The U.S. agency known as GSA has removed LGBT categories from its non-discrimination policy. (Photo public domain)

GSA Accused of Omitting LGBT People from Non-Discrimination Rules

BY CHRIS JOHNSON, WASHINGTON BLADE

The U.S. General Services Administration is being accused of leaving out LGBT workers from its employment non-discrimination policy, which would contradict executive orders prohibiting such discrimination in the federal workforce, although the U.S. agency is pushing back on that claim.

David Stacy, government affairs director for the Human Rights Campaign, said Monday night in a statement the GSA, which manages functions of government agencies, removed LGBT workers from its Equal Employment Opportunity website.

That omission, Stacy said, is yet another attempt by "the Trump-Pence Administration actively seeking to undermine rights for LGBTQ people" and called for inclusion of the categories.

"The GSA's move to exclude sexual orientation and gender identity from their Equal Employment Opportunity statement is mean-spirited, deceptive and irresponsible," Stacy said. "The GSA's EEO statement is meant to inform workers and applicants about their legal protections -- protections that federal employees have had for decades. Cutting specific mention of sexual orientation and gender identity protections is a slap in the face to LGBTQ federal employees who proudly serve and sadly signals that this administration does not value them. The GSA should immediately restore the previous, accurate EEO policy."

A look at the Equal Employment Opportunity statement on GSA's website reveals no mention of prohibiting discrimination on the basis of sexual orientation and gender identity, even though other categories -- race, color, national origin, religion, gender, age, disability and genetic information -- are spelled out.

That's different from a 2015 non-discrimination policy, which explicitly identified discrimination based on sexual orientation and gender identity as a subset of sex discrimination. The memo say that policy will only become outdated in 2022.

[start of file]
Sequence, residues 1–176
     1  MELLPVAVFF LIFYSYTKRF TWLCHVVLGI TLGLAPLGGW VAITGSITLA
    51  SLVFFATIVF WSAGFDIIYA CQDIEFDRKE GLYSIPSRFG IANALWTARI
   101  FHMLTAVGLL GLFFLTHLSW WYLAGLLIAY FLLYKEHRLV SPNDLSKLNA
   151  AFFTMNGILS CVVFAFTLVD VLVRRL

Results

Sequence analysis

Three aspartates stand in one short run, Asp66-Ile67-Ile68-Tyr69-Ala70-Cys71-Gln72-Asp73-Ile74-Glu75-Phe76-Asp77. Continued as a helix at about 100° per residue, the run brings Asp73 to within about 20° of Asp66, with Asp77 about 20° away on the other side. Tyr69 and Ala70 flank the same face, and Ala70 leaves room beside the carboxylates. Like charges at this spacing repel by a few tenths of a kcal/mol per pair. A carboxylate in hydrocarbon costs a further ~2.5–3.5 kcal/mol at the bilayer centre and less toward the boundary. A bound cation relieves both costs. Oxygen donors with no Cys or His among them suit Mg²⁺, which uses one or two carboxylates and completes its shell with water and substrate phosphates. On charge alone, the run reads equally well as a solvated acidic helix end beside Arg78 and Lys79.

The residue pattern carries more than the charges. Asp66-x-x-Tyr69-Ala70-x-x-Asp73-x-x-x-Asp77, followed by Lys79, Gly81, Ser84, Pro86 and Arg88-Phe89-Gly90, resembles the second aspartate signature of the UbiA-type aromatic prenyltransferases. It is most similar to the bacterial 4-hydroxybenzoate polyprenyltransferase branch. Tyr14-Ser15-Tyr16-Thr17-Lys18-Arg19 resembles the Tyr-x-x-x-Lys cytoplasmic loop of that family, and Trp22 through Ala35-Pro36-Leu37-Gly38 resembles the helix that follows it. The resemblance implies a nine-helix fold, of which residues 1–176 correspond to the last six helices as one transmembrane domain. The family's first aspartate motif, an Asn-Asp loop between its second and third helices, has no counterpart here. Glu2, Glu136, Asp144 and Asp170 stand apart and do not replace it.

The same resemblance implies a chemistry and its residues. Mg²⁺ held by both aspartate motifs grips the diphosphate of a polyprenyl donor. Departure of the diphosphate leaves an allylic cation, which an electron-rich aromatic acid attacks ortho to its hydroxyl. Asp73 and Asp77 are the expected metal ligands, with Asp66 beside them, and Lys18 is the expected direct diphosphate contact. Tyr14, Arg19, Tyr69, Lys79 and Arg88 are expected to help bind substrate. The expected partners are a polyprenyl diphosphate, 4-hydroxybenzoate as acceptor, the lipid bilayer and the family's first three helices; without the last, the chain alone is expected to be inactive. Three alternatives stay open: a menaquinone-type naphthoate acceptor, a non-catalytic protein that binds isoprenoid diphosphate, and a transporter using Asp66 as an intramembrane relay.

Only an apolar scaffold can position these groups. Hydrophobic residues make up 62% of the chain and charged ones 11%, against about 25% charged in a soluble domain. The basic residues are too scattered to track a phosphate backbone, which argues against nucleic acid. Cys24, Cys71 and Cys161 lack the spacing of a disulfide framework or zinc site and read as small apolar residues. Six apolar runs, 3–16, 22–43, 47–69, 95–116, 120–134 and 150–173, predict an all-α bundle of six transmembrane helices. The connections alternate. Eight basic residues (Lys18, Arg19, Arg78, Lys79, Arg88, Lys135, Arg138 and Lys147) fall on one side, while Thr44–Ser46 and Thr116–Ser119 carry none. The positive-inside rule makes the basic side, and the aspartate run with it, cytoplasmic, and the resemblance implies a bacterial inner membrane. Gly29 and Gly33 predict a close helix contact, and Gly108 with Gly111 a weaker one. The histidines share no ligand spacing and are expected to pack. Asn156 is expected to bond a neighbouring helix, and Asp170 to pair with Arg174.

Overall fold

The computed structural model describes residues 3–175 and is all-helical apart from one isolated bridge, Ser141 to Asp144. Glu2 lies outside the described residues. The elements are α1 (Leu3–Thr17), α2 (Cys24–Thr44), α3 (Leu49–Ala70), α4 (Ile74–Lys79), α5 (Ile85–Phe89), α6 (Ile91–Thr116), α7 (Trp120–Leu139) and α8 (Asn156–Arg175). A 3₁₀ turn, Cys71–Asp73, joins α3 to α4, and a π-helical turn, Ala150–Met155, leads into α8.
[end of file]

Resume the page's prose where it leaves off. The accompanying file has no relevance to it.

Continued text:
But the GSA is denying any change was made. In response to the Human Rights Campaign statement and an earlier version of this article, a GSA spokesperson said the 2015 policy "is in full effect and has not changed." Further, the spokesperson said the information page on the GSA webpage was set up years ago -- possibly as late as 2012 -- and represents no change.

"GSA is proud of our diverse and talented workforce and is committed to ensuring all agency employees feel welcome," the spokesperson said. "GSA prohibits discrimination in the workplace and will continue to make sure our employees' legal rights are protected."

But there's an additional wrinkle. Acting Administrator Timothy Horne, whom Trump appointed upon his inauguration on Jan. 20., outlined the EEO policy in a memo to workers on Oct. 25 emphasizing the importance of non-discrimination in the workforce -- but left out potential discrimination based on sexual orientation and gender identity.

"EEO is a critical component of GSA's efforts to recruit, develop, and retain the most qualified, diverse workforce possible to support our agency's multifaceted strategic mission," Horne writes. "Toward that end, it is GSA's policy that all employees and applicants for employment be afforded equal opportunities in employment without regard to race, color, sex, national origin, religion, age, genetic information, disability or retaliation for engaging in an EEO-protected activity."

Stacy said in a follow-up statement GSA still needs to take action to make its position clear even if the agency has retained its policy of non-discrimination against LGBT workers.

"If the GSA's EEO policy is that protections from discrimination on the bases of sexual orientation and gender identity are still in effect, it is important that they make that clear to their employees," Stacy said. "The email they sent to 12,000 GSA employees is unclear and misleading. And, simply saying that they are 'committed to ensuring all agency employees feel welcome' and that their 'legal rights are protected' again fails to provide the necessary clarity to LGBTQ employees."

Any removal of sexual orientation and gender identity from GSA's non-discrimination policy would contravene former President Bill Clinton's executive order in 1998, which banned anti-gay discrimination in the federal workforce, and former President Barack Obama's executive order in 2014 barring anti-trans discrimination in the federal workforce as well as anti-LGBT discrimination among federal contractors. President Trump agreed to allow those executive orders to remain standing.

Even without inclusion in the non-discrimination policy, LGBT workers at GSA should be still be able seek recourse under the Clinton and Obama executive orders and cite the 2015 memo if necessary. Federal laws against sex discrimination, which courts are increasingly interpreting to apply to LGBT people, would also cover workers there. The General Services Administration employs an estimated 12,000 federal workers.

A similar situation emerged in June when the Commerce Department under Wilbur Ross removed LGBT categories from its non-discrimination policy, but promptly reinstated them after media attention. A spokesperson at the time said the omission was an oversight and the department "never intended to change the policy or exclude any protected categories."

NOTE: This article has been modified from its initial version to correspond to the updated response from the U.S. General Services Administration.

This article originally appeared in the Washington Blade and is made available in partnership with the National Gay Media Association.
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